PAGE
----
The Passing Parade: Cheap Shots from a Drive By Mind

"...difficile est saturam non scribere. Nam quis iniquae tam patiens urbis, tam ferreus, ut teneat se..." " is hard not to write Satire. For who is so tolerant of the unjust City, so steeled, that he can restrain himself... Juvenal, The Satires (1.30-32)

Thursday, March 10, 2005

SPECIAL RELATIVITY AND SUCH: I don’t remember learning how to read. I did learn, obviously; reading is not a natural act like eating or breathing or lying to your wife about where you were on Saturday night. No, it is a skill acquired somewhere on the long and tortuous path from the delivery room to filing your first income tax return, and I just don’t remember acquiring the skill. My mother says that I could read when I was two years old, but I think that’s a bit of a stretch, a bit of maternal hyperbole, if you will, something my mother is particularly good at. When my brothers and me were kids she’d wake us up for school by yelling that we had to hurry, it was almost nine o’clock, and so it was, if only in the sense that 6:30 AM is closer to nine o’clock than a quarter past ten in the evening is, but then you have to expect that sort of thing, I think; all mothers think their children are little Einsteins just waiting to burst upon the world stage with their brilliant insights, all mothers except, oddly enough, Frau Einstein herself, who thought her little Albert was a little slow on the uptake. It’s odd to think that anyone ever thought that Albert Einstein was not the brightest bulb in life’s chandelier, but it’s true. You never know what some people can do until they go ahead and do whatever it is you thought they couldn’t do and do it better than you thought anyone could ever do it, if you even thought for a second, which is not very likely, all in all, that anyone could do it in the first place.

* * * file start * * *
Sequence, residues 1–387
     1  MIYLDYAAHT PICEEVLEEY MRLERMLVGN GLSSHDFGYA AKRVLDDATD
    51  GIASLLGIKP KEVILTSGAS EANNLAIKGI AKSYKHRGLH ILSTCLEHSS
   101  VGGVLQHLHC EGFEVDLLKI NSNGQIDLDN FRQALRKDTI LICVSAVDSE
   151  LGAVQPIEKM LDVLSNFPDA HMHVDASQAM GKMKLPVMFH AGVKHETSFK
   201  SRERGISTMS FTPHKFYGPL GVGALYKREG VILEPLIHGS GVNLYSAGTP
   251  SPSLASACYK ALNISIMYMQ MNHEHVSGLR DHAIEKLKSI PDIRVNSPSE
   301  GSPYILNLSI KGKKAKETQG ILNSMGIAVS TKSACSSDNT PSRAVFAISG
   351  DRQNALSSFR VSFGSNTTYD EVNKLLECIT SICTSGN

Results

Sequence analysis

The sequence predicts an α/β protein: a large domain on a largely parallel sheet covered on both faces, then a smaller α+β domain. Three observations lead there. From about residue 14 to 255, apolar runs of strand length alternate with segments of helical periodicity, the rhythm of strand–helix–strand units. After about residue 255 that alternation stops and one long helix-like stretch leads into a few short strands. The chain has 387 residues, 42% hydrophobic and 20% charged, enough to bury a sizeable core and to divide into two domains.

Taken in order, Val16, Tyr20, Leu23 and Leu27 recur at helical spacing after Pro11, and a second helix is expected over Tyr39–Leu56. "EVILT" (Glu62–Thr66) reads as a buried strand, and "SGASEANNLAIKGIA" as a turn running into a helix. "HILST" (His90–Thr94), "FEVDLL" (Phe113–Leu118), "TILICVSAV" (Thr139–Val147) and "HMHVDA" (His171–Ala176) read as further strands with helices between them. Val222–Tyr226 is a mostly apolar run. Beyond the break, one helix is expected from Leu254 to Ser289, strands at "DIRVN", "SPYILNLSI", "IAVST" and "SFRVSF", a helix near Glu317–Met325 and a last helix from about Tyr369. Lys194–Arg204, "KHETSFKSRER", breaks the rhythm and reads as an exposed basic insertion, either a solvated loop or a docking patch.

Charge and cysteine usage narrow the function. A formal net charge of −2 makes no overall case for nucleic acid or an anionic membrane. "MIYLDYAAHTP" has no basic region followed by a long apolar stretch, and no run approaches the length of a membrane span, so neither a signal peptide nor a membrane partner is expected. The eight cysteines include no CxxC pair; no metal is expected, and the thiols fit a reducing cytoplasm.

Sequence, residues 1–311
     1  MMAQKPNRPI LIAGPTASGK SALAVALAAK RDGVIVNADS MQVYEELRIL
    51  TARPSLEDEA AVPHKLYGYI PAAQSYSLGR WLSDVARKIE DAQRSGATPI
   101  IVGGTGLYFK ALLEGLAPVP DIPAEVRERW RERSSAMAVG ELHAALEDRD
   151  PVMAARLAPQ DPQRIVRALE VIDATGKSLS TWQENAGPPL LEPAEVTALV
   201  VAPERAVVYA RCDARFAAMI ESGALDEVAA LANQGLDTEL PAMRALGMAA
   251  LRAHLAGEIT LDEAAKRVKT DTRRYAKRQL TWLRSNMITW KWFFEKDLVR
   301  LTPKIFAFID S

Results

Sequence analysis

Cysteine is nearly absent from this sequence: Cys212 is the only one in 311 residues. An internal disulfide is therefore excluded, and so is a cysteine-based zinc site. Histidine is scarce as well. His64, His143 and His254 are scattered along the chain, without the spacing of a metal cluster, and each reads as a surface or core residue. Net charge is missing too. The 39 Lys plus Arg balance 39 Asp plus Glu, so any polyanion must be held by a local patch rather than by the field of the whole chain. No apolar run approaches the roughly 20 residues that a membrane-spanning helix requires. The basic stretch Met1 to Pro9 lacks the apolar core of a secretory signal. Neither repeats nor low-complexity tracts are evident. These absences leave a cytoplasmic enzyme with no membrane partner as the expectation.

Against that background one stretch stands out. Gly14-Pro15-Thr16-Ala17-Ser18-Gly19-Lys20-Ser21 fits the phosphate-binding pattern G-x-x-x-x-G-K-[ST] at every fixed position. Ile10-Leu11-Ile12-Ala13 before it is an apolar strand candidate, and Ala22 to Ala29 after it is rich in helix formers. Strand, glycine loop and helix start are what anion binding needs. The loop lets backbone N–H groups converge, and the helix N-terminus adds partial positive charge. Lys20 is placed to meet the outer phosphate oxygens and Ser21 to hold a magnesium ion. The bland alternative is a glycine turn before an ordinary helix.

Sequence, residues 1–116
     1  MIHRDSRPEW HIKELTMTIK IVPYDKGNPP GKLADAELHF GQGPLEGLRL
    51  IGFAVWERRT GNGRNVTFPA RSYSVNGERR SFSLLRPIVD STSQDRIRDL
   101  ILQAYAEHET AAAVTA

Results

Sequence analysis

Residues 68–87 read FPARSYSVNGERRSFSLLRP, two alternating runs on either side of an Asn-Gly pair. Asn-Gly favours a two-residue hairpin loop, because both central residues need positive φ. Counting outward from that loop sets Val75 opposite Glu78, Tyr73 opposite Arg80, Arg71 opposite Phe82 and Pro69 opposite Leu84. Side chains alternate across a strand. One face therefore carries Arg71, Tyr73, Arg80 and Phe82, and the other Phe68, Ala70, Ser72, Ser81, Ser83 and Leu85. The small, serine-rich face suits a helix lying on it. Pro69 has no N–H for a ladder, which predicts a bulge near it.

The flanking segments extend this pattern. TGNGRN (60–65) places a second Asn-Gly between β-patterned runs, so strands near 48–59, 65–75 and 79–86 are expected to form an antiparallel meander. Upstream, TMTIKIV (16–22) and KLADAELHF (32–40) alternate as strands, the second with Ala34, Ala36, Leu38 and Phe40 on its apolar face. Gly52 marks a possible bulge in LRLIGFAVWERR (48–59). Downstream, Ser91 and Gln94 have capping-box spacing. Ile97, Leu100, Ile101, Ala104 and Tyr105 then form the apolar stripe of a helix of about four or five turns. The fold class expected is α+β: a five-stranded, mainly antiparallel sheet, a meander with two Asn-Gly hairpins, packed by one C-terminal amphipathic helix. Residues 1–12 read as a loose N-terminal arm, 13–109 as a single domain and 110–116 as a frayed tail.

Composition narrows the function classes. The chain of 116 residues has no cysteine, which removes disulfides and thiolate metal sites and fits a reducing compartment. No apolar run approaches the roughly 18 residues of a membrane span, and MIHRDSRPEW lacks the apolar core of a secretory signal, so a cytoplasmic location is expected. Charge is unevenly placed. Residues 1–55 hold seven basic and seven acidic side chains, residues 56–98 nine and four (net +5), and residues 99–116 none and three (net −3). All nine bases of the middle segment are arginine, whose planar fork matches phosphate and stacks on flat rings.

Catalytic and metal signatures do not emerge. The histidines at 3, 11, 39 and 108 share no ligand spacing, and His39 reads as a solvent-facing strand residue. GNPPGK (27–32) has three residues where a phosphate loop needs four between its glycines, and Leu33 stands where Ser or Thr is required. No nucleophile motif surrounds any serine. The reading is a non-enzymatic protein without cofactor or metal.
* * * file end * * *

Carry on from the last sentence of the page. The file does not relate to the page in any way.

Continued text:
“It” is, in this case, the theory of special relativity, which Einstein first proposed a century ago. With this theory Einstein, to all extents and purposes, upended the way people thought for centuries about the universe around them, a way that was just a gloss on how Sir Isaac Newton thought about the universe. Newton thought great and profound thoughts about the universe when he wasn’t being hit on the head with apples or inventing calculus in his spare time or having counterfeiters hanged, drawn, and quartered. Like Einstein, Newton had a government job, and in his official capacity of controller of the Mint Sir Isaac made sure that counterfeiters died in as gruesome a manner as humanly possible as a warning to other counterfeiters to get out of the business and to deter others from trying to counterfeit the King’s currency. The public executions also provided free entertainment for the local populace, all of whom could not get cable at the time, and a diversion for the adventure seeking tourist tired of seeing the sights listed in his Fodor’s guidebook.